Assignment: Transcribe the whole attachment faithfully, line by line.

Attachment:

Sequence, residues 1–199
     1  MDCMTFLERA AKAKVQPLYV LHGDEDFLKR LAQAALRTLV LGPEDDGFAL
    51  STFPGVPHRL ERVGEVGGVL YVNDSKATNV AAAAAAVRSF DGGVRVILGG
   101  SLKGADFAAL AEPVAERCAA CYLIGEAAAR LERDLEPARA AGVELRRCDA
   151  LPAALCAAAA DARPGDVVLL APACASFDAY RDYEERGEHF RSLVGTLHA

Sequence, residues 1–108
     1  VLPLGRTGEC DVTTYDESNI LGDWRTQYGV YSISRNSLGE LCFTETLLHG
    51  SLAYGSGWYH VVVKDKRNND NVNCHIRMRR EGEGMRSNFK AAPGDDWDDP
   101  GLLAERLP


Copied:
Sequence, residues 1–199
     1  MDCMTFLERA AKAKVQPLYV LHGDEDFLKR LAQAALRTLV LGPEDDGFAL
    51  STFPGVPHRL ERVGEVGGVL YVNDSKATNV AAAAAAVRSF DGGVRVILGG
   101  SLKGADFAAL AEPVAERCAA CYLIGEAAAR LERDLEPARA AGVELRRCDA
   151  LPAALCAAAA DARPGDVVLL APACASFDAY RDYEERGEHF RSLVGTLHA

Sequence, residues 1–108
     1  VLPLGRTGEC DVTTYDESNI LGDWRTQYGV YSISRNSLGE LCFTETLLHG
    51  SLAYGSGWYH VVVKDKRNND NVNCHIRMRR EGEGMRSNFK AAPGDDWDDP
   101  GLLAERLP